7. Shortall, O.K., 2013. "“Marginal land” for energy crops: Exploring definitions and embedded assumptions," Energy Policy, Elsevier, vol. 62(C), pages 19-27.
    8. Alexander, Peter & Moran, Dominic, 2013. "Impact of perennial energy crops income variability on the crop selection of risk averse farmers," Energy Policy, Elsevier, vol. 52(C), pages 587-596.
    9. Wilson, P. & Glithero, N.J. & Ramsden, S.J., 2014. "Prospects for dedicated energy crop production and attitudes towards agricultural straw use: The case of livestock farmers," Energy Policy, Elsevier, vol. 74(C), pages 101-110.
    10. Bocquého, G. & Jacquet, F., 2010. "The adoption of switchgrass and miscanthus by farmers: Impact of liquidity constraints and risk preferences," Energy Policy, Elsevier, vol. 38(5), pages 2598-2607, May.
    11. Glithero, Neryssa J. & Wilson, Paul & Ramsden, Stephen J., 2013. "Prospects for arable farm uptake of Short Rotation Coppice willow and miscanthus in England," Applied Energy, Elsevier, vol. 107(C), pages 209-218.
    Full references (including those not matched with items on IDEAS)


    Citations are extracted by the CitEc Project, subscribe to its RSS feed for this item.

    Cited by:

    1. repec:eee:renene:v:114:y:2017:i:pb:p:781-793 is not listed on IDEAS
    2. Townsend, Toby J. & Ramsden, Stephen J. & Wilson, Paul, 2016. "Analysing reduced tillage practices within a bio-economic modelling framework," Agricultural Systems, Elsevier, vol. 146(C), pages 91-102.
    3. repec:eee:appene:v:225:y:2018:i:c:p:124-134 is not listed on IDEAS
    4. Townsend, Toby J. & Ramsden, Stephen J. & Wilson, Paul, 2015. "Towards Sustainable Intensification of Cropping Systems: Analysing Reduced Tillage Practices within a Bio-Economic Modelling Framework," 89th Annual Conference, April 13-15, 2015, Warwick University, Coventry, UK 204298, Agricultural Economics Society.
    5. repec:eee:appene:v:205:y:2017:i:c:p:477-485 is not listed on IDEAS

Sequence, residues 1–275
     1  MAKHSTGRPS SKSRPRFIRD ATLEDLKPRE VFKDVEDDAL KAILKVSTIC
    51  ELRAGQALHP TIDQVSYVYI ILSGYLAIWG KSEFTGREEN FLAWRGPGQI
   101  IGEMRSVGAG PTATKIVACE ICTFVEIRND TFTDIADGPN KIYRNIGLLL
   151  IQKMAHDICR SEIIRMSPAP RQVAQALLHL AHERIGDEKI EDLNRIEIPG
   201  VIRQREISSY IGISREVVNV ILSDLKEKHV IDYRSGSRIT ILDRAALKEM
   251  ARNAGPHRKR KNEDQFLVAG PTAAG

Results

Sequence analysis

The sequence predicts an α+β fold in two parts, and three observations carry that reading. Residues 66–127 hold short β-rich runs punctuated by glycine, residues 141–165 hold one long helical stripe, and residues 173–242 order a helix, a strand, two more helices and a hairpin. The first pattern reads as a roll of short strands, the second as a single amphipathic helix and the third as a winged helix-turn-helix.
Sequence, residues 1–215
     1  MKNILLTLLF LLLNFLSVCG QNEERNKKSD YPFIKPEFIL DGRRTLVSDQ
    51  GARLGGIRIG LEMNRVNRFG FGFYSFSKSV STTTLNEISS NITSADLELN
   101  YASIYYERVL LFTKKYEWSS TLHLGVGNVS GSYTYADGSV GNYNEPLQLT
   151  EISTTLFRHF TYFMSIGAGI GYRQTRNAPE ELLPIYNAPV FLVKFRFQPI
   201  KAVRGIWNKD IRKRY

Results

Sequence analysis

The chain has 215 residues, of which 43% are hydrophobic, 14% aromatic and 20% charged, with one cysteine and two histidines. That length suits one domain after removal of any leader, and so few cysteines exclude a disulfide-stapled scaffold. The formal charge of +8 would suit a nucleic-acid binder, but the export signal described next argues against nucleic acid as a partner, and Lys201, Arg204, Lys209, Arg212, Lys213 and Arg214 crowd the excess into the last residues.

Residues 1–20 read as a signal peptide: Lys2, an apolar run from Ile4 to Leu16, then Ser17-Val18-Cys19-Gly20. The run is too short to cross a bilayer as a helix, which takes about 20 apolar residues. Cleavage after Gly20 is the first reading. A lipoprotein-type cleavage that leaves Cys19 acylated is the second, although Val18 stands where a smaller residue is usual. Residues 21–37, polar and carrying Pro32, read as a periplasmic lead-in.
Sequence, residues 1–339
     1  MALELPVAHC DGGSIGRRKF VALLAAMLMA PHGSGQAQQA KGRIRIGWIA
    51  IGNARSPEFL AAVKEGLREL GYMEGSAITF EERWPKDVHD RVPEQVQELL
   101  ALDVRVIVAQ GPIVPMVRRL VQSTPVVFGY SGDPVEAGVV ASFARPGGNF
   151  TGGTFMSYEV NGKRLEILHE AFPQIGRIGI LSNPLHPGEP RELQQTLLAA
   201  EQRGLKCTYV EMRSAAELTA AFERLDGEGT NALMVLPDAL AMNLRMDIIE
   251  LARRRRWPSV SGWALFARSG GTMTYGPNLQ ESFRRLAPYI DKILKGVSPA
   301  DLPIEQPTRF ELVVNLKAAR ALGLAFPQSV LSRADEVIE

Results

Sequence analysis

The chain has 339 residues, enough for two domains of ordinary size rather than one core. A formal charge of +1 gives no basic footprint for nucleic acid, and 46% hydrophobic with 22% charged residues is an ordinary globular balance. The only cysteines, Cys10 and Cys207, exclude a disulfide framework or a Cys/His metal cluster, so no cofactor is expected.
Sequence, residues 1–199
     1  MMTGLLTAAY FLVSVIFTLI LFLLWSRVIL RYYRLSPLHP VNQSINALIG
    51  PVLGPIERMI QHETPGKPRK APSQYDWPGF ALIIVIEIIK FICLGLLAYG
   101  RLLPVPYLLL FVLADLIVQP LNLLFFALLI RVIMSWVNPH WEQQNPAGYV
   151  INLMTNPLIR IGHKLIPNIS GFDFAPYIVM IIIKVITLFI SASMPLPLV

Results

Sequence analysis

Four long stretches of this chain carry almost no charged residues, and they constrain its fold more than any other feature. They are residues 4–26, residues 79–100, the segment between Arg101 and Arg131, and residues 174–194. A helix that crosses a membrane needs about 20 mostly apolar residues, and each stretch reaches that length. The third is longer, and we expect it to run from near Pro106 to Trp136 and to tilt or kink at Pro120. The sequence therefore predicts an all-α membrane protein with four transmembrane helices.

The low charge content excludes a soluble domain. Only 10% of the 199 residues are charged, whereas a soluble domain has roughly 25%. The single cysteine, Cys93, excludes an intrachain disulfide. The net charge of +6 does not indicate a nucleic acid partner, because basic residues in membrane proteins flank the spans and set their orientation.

6. Adams, P.W.R. & Lindegaard, K., 2016. "A critical appraisal of the effectiveness of UK perennial energy crops policy since 1990," Renewable and Sustainable Energy Reviews, Elsevier, vol. 55(C), pages 188-202.


    All material on this site has been provided by the respective publishers and authors. You can help correct errors and omissions. When requesting a correction, please mention this item's handle: RePEc:eee:appene:v:147:y:2015:i:c:p:82-91. See general information about how to correct material in RePEc.

    For technical questions regarding this item, or to correct its authors, title, abstract, bibliographic or download information, contact: (Dana Niculescu). General contact details of provider: .

    If you have authored this item and are not yet registered with RePEc, we encourage you to do it here. This allows to link your profile to this item. It also allows you to accept potential citations to this item that we are uncertain about.

    If CitEc recognized a reference but did not link an item in RePEc to it, you can help with this form .

    If you know of missing items citing this one, you can help us creating those links by adding the relevant references in the same way as above, for each refering item. If you are a registered author of this item, you may also want to check the "citations" tab in your RePEc Author Service profile, as there may be some citations waiting for confirmation.

    Please note that corrections may take a couple of weeks to filter through the various RePEc services.

    IDEAS is a RePEc service hosted by the Research Division of the Federal Reserve Bank of St. Louis . RePEc uses bibliographic data supplied by the respective publishers.